The creative community of Ogden, Utah is experiencing a
dramatic shift, one that will enliven its downtown core and bring to life the city’s new Nine Rails
Creative District. The opening of The Monarch promises to widen Ogden’s cultural footprint by
offering an environment where individuals can create, learn and share with their community
through amenities such as creative studios, innovative eateries, nonprofit exhibition space,
dynamic event space and state of the art makerspace. Formerly the abandoned Ben Lomond
parking garage for the Bigelow Hotel, The Monarch seeks to cultivate an environment where our
community can connect, inspire and create together. In doing so, this exciting project promises
to elevate the arts and culture impact of Ogden’s flourishing high adventure mountain
“If Ogden responds the way I think it will, The Monarch could attract creatives from all over the Wasatch to our community,” says project developer Thaine Fischer. Fischer is the visionary behind The Monarch and owner of the building, which he purchased in 2011 through his development company Fischer-Regan Enterprises, LLC. “We envision circulating energy between 25 to 30 creatives, hip restaurant vibes and lively private parties. We want to make a bold statement in our new creative district.” The Nine Rails Creative District was recently established by Ogden City as the area between Wall and Madison Avenues, from 24th to 26th street. The District aims to promote engagement through a variety of art forms, encompassing everything from visual art to architecture. The Monarch will be the creative heart of the Nine Rails, contributing to the city’s goal of providing a dedicated area for arts and culture to thrive.
Monarch in Moda
World-renowned artist Jane Kim of Ink Dwell studio inspired The Monarch’s identity with her mural, Monarch in Moda, completed fall 2018. This public artwork on The Monarch’s Upper Deck is part of Kim’s Migrating Mural project, a series of public artworks that highlight threatened wildlife along migration corridors they share with humans. Monarch in Moda is the sixth Monarch Migrating Mural, with other public works in Arkansas, Florida and California, connecting Ogden to a nationwide public art initiative. It is also one of three Monarch Migrating Murals in Ogden, representing a community effort to promote public art in Northern Utah. Six banners depicting the monarch’s life cycle hang seasonally at the Ogden Nature Center, while another large mural can be found in the Kimball Visual Art Center at Weber State University. Monarch in Moda is part of the O1ARTS WALLS initiative to transform Ogden neighborhoods and public spaces through art.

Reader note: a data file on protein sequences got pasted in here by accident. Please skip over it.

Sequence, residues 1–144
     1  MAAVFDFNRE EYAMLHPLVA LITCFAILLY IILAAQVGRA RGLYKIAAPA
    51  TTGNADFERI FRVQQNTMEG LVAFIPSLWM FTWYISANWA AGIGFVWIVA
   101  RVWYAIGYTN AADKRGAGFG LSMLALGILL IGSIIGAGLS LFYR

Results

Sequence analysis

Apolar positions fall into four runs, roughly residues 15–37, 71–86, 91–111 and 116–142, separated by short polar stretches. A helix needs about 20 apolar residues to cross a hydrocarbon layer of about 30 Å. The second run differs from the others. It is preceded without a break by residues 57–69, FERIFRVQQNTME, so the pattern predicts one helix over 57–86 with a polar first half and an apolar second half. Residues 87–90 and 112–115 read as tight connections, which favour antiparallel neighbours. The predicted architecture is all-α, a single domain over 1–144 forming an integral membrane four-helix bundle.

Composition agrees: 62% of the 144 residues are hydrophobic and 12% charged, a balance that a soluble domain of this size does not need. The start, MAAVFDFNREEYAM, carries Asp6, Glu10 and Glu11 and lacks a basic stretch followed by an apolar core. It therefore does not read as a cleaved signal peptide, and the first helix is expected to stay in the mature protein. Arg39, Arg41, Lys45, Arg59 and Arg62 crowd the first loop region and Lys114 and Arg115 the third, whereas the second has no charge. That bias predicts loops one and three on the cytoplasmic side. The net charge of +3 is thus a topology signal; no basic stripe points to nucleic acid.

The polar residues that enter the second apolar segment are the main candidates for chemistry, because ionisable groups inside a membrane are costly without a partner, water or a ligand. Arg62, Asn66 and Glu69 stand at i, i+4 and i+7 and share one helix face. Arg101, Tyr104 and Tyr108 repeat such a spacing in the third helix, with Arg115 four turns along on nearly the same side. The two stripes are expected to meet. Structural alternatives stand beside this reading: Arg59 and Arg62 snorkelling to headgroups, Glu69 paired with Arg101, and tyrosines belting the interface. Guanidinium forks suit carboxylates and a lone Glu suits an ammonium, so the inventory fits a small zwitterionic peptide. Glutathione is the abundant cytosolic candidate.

While Monarch in Moda provides a clear new identity for the building, the renovation does not seek to erase its past. Fischer-Regan Enterprises is working with Carbon Architects to bring modern design features into the structure’s industrial atmosphere, while preserving and even highlighting historic details such as parking stalls, ramps, garage doors and original windows. The building, formerly the Hotel Bigelow Garage, was built in 1929 and is the last surviving example of an enclosed parking garage from the early depression era. The structure was established by prominent Ogden businessman and entrepreneur H.C. Bigelow and constructed in the Spanish Colonial Revival style by Leslie S. Hodgson, Ogden’s most ubiquitous architect of the time. Hodgson also designed the Bigelow Hotel, Egyptian Theater, the Eccles building, Peery apartment building and Ogden High School.
Ogden is on the rise as the city and its partners make dedicated efforts to revitalize yet preserve its architectural and historical significance. Fischer-Regan Enterprises has been a big player in these efforts, particularly in Ogden’s downtown corridor. While The Monarch is his biggest project to date, Fischer has successfully renovated six buildings that now house thriving businesses and restaurants, including Pig and a Jelly Jar and Zucca’s Ristorante. He acquires what he refers to as “birdcages” - dilapidated buildings filled with pigeons and broken windows– and revitalizes them into hip urban spaces. Where most people see failing structures and lost causes, Fischer envisions dance studios, hip restaurants and creative centers. When redeveloping a historical building, he is careful to preserve architectural designs and historic details and has even placed four buildings, including The Monarch, on the National Register of Historic Places. Considering himself a social entrepreneur, Fischer is passionate about uplifting his community by promoting positive social and economic change, one building at a time. “I ask myself what I can do that will create value for businesses that is also beneficial to the community where I live,” he says. “When I say, “redeveloping,” I mean re-activating these buildings while preserving their architectural design, not just tearing them down. We believe there’s something socially valuable about honoring our architectural legacy in Ogden; I feel it impacts our community in a positive way.”
The Monarch is set to open late spring and be fully occupied by the end of 2019, while Ogden City’s makerspace vision will most likely come to fruition the following year. The Monarch’s studios are now available for lease to artists, designers and creative businesses of all types. Fischer is hosting Hard Hat Tours in conjunction with Ogden’s First Friday Art Stroll that are open to the public and can be booked through The Monarch’s Facebook page.